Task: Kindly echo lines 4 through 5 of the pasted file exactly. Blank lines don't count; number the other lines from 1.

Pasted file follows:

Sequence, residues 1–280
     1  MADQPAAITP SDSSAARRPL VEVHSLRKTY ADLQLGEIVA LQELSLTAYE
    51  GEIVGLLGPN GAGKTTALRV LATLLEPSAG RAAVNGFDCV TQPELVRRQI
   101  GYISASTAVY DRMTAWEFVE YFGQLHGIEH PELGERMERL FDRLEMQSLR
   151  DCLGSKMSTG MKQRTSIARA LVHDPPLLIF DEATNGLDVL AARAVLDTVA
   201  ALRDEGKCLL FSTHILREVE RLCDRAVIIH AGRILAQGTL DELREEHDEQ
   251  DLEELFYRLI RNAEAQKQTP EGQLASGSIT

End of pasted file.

   101  GYISASTAVY DRMTAWEFVE YFGQLHGIEH PELGERMERL FDRLEMQSLR
   151  DCLGSKMSTG MKQRTSIARA LVHDPPLLIF DEATNGLDVL AARAVLDTVA